Aldi has shaken up the grocery scene the past couple of years, moving from a small retailer of cheap no-name products to a major threat to big supermarkets.
The German grocer is expanding into a 2,000-store deep discount chain across the U.S.
So if one has opened near you, you may want to know the best things to buy at Aldi, and some things not to buy there (in some cases because you won't find them).
Buy these at Aldi
A new report by Gina Zakaria in Money Magazine claims the best things to buy at Aldi, based on low prices and top quality, include:
- Fresh bread, often $1.69 a loaf, much cheaper than regular grocery stores.
- Fresh fruit and vegetables, with its recently expanded organic section in newer stores, and bagged salad often less than $2.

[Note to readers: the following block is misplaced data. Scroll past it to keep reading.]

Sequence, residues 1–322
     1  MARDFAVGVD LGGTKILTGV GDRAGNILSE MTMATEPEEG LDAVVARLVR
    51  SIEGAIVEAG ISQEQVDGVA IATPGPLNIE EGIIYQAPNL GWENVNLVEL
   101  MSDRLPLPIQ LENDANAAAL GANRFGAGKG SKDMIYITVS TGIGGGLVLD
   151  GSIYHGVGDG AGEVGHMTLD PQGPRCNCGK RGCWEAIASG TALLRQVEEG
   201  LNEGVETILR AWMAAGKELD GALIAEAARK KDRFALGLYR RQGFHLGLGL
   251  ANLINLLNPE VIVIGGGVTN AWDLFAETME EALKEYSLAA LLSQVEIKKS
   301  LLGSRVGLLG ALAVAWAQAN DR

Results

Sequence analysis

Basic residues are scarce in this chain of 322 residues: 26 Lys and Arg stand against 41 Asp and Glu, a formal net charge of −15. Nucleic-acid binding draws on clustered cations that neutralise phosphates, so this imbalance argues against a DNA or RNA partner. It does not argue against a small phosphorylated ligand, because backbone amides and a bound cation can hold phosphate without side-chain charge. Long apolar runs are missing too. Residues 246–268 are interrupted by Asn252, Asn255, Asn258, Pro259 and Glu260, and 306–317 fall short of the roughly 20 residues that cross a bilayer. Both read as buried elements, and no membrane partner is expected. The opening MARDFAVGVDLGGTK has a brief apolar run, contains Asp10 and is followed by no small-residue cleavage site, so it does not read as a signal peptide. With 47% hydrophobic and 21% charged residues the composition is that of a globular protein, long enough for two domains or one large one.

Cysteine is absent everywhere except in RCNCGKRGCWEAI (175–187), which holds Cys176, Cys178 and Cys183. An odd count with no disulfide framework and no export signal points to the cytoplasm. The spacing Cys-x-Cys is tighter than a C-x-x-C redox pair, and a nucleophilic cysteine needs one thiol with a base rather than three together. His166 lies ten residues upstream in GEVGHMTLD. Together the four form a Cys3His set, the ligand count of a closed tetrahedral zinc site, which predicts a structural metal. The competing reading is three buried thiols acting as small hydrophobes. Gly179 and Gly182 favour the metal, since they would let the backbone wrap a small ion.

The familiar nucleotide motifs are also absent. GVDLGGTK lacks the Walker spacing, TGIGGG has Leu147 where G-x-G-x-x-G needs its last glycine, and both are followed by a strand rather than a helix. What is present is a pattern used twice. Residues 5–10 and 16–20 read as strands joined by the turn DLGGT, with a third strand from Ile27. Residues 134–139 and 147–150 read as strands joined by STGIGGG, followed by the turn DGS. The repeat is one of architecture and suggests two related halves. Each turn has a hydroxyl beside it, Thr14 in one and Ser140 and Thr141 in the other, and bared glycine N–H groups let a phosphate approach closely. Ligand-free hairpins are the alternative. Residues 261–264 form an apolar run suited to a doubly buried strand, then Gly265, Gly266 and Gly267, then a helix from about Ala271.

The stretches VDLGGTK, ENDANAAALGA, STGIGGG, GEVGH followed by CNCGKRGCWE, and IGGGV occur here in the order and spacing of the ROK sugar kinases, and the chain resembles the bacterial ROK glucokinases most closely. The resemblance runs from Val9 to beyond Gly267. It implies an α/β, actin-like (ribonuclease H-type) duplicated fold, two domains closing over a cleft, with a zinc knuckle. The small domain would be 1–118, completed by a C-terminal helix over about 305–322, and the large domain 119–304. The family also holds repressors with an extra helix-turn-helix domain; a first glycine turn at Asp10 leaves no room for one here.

- Spices, at 99 cents each, half the price of many supermarkets.
- Store brand cereal, where Aldi's Millville's cereal is $1.69 - $1.99 a box, and looks and tastes just like the big brands in many cases.
- Frozen fruit, such as strawberries and peaches, often at $1.89, which is half the price of many grocery stores.
- Meat and poultry, with prices that are competitive with Walmart and Costco.
Some things not to buy
But there are some things not to buy at Aldi.
Don't expect wine bars, coffee bars or a fancy butcher counter.
If you are looking for the in-store Starbucks, you might say "doesn't that stink?"
Readers Digest says Aldi doesn't even play music in their no-frills stores, because they don't want to pay the rights to use it.
Finally, Kiplinger Personal Finance says you may want to skip Aldi's salty snacks: it says their version of Doritos may look like Doritos, but doesn't taste like the real thing.
And Kiplingers was not impressed with prices on paper products, like paper towels and napkins. It says you can usually do better at big box stores like Walmart, Sam's or Costco.
Of course, if you prefer your groceries to be name brands, Aldi is probably not the store for you.
But if you are open to trying store brands, you may want to give Aldi a try, so you don't waste your money.
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